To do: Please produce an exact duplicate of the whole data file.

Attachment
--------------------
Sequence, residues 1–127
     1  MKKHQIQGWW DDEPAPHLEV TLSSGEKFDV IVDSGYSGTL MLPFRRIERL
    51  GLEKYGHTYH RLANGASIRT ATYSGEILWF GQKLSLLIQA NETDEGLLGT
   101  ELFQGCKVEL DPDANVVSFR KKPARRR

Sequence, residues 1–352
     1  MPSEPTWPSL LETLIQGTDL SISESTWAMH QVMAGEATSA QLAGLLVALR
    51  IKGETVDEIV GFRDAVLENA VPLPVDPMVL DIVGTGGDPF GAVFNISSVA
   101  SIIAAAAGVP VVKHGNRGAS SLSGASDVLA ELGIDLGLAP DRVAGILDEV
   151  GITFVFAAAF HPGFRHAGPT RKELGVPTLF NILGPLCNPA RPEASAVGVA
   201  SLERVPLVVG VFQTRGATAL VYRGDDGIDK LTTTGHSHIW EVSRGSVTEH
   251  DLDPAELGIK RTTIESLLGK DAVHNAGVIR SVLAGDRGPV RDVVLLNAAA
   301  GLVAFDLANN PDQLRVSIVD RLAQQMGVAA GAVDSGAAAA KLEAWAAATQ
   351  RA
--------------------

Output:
Sequence, residues 1–127
     1  MKKHQIQGWW DDEPAPHLEV TLSSGEKFDV IVDSGYSGTL MLPFRRIERL
    51  GLEKYGHTYH RLANGASIRT ATYSGEILWF GQKLSLLIQA NETDEGLLGT
   101  ELFQGCKVEL DPDANVVSFR KKPARRR

Sequence, residues 1–352
     1  MPSEPTWPSL LETLIQGTDL SISESTWAMH QVMAGEATSA QLAGLLVALR
    51  IKGETVDEIV GFRDAVLENA VPLPVDPMVL DIVGTGGDPF GAVFNISSVA
   101  SIIAAAAGVP VVKHGNRGAS SLSGASDVLA ELGIDLGLAP DRVAGILDEV
   151  GITFVFAAAF HPGFRHAGPT RKELGVPTLF NILGPLCNPA RPEASAVGVA
   201  SLERVPLVVG VFQTRGATAL VYRGDDGIDK LTTTGHSHIW EVSRGSVTEH
   251  DLDPAELGIK RTTIESLLGK DAVHNAGVIR SVLAGDRGPV RDVVLLNAAA
   301  GLVAFDLANN PDQLRVSIVD RLAQQMGVAA GAVDSGAAAA KLEAWAAATQ
   351  RA